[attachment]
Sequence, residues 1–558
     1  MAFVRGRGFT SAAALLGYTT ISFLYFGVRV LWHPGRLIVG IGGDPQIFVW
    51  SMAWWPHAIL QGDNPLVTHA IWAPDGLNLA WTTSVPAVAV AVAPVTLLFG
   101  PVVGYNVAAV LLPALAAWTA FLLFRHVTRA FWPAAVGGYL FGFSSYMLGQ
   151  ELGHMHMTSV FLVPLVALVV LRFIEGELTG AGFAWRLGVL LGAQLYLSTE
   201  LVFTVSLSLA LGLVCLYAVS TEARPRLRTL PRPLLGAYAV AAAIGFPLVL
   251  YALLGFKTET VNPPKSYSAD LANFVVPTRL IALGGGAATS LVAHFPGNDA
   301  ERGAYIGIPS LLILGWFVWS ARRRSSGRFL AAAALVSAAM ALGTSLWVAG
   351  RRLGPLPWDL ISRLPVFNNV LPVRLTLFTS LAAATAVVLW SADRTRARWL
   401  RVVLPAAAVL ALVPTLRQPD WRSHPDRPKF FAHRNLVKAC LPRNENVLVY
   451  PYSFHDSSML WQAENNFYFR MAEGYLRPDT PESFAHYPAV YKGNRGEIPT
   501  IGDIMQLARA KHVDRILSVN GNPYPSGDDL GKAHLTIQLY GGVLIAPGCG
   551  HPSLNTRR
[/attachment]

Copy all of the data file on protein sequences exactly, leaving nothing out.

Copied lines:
Sequence, residues 1–558
     1  MAFVRGRGFT SAAALLGYTT ISFLYFGVRV LWHPGRLIVG IGGDPQIFVW
    51  SMAWWPHAIL QGDNPLVTHA IWAPDGLNLA WTTSVPAVAV AVAPVTLLFG
   101  PVVGYNVAAV LLPALAAWTA FLLFRHVTRA FWPAAVGGYL FGFSSYMLGQ
   151  ELGHMHMTSV FLVPLVALVV LRFIEGELTG AGFAWRLGVL LGAQLYLSTE
   201  LVFTVSLSLA LGLVCLYAVS TEARPRLRTL PRPLLGAYAV AAAIGFPLVL
   251  YALLGFKTET VNPPKSYSAD LANFVVPTRL IALGGGAATS LVAHFPGNDA
   301  ERGAYIGIPS LLILGWFVWS ARRRSSGRFL AAAALVSAAM ALGTSLWVAG
   351  RRLGPLPWDL ISRLPVFNNV LPVRLTLFTS LAAATAVVLW SADRTRARWL
   401  RVVLPAAAVL ALVPTLRQPD WRSHPDRPKF FAHRNLVKAC LPRNENVLVY
   451  PYSFHDSSML WQAENNFYFR MAEGYLRPDT PESFAHYPAV YKGNRGEIPT
   501  IGDIMQLARA KHVDRILSVN GNPYPSGDDL GKAHLTIQLY GGVLIAPGCG
   551  HPSLNTRR